The Black Abolitionist Papers - Vol. 1

By C. Peter Ripley | Go to book overview

88.
Henry Highland Garnet to Julia Garnet

13 September 1861

On 2 September 1861, Henry Highland Garnet left the United States for a second tour of Britain, this time to promote his African Civilization Society's plans to resettle American blacks in Yoruba. On this trip, unlike his earlier voyage, Garnet was well treated on the New York-to- Liverpool steamer and, before leaving America, was able to obtain a valid U.S. passport. On 26 August 1861, despite the 1857 Dred Scott pronouncement denying black citizenship, Secretary of State William H. Seward granted Garnet a passport. This made him, in the words of the National Anti-Slavery Standard, the "first black citizen of the dis United States." In his 13 September letter to his wife, Julia, Garnet described the voyage. That night, he departed for London to begin his British lecture tour. Miller, Search for Black Nationality, 192, 218-26, 259; Schor, Henry Highland Garnet, 164; NASS, 26 October 1861.

23 ISLINGTON TERRACE
Liverpool, Eng[land]
September 13, 1861

My Dearest Wife: 1

We arrived in Liverpool yesterday evening, at 5 o'clock, after an extremely pleasant passage of twelve days.

We had on board four hundred passengers, 340 in the steerage, and 60 in the saloon. Twelve years ago my treatment on board of an English steamer from New York to this place was very different from that which I have just received. Then I was caged up in the steward's room of one of Cunard's vessels, and although a first class passenger, I was not allowed to go into the saloon, or to eat at the table with white humanity.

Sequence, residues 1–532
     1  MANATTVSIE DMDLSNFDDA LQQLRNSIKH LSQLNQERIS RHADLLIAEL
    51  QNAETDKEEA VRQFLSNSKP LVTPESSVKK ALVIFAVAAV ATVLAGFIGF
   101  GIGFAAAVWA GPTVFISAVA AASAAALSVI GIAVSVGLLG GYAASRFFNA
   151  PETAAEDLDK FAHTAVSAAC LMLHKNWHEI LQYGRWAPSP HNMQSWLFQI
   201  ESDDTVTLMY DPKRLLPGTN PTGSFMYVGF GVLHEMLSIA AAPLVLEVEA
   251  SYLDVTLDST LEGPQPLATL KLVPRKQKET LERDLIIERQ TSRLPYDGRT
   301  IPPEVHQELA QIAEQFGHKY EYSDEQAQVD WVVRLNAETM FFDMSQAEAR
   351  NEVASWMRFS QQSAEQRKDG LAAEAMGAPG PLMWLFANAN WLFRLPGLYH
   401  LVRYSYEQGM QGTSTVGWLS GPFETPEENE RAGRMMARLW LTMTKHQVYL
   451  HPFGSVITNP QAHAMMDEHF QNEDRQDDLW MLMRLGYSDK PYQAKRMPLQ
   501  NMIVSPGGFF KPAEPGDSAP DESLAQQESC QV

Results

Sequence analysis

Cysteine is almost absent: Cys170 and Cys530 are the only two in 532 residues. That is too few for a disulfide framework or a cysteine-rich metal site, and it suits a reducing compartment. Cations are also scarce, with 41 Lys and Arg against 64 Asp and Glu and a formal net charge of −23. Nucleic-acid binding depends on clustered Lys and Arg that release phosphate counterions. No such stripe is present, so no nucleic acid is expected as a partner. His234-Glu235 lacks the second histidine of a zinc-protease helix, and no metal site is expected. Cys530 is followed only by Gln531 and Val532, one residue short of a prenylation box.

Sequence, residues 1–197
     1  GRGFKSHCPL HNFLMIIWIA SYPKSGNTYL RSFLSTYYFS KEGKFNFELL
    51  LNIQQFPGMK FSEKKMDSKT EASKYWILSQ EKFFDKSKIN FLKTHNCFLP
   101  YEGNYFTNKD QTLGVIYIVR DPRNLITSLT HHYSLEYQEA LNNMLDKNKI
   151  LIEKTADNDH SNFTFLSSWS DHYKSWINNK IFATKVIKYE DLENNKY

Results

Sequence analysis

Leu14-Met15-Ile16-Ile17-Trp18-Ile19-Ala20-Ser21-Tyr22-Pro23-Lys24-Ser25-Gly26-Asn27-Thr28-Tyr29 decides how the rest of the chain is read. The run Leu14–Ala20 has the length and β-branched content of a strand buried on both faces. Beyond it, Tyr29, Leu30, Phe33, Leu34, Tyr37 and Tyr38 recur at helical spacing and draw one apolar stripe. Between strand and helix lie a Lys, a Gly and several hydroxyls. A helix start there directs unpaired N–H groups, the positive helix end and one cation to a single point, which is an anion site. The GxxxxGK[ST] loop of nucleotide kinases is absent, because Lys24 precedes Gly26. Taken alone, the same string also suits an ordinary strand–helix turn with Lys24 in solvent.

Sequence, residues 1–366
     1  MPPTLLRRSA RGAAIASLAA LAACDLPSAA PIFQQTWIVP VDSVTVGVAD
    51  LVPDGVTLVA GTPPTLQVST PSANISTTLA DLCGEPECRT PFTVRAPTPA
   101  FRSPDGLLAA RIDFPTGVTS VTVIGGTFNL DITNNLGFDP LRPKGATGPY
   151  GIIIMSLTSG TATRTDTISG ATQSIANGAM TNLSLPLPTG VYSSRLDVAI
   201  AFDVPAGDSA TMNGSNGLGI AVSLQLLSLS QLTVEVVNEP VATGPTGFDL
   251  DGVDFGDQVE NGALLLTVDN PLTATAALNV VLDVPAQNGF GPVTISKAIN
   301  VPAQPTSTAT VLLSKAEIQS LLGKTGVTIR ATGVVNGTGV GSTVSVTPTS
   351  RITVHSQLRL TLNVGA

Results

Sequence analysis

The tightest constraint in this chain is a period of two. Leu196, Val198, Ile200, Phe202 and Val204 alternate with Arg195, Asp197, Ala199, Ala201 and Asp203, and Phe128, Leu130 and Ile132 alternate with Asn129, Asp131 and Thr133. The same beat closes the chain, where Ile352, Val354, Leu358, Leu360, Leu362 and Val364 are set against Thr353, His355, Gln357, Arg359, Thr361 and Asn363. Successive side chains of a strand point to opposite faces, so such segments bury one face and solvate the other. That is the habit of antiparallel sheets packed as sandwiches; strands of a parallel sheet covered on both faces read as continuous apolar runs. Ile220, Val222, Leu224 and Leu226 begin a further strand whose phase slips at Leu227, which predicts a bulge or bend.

How changed now. On a steamship belonging to the same nation I took a first class passage, asked the steward to give me my berth, and assign me my seat at the table. My ticket was given me without a remark; an elegant state-room with six berths was placed at my disposal, and my seat at the table was between two young American gentlemen, educated at St. Mary's College in Maryland, and on their way to Rome to finish their studies for the Roman Priesthood. And I am happy to say that I did not receive a look, or hear a word during the whole voyage, that grated upon my very sensitive feelings.

As usual, I was sea-sick all the voyage, more or less. When I went on board I resolved not to be sick; but as soon as we cleared Sandy Hook old Neptune called for me, and lead me to the side of the ship, and told me to throw my resolutions overboard, which I did in double-quick time, and for a while I felt as if I did not care if he threw me over after them.

-497-

Notes for this page

Add a new note
If you are trying to select text to create highlights or citations, remember that you must now click or tap on the first word, and then click or tap on the last word.
One moment ...
Default project is now your active project.
Project items

Items saved from this book

This book has been saved
Highlights (0)
Some of your highlights are legacy items.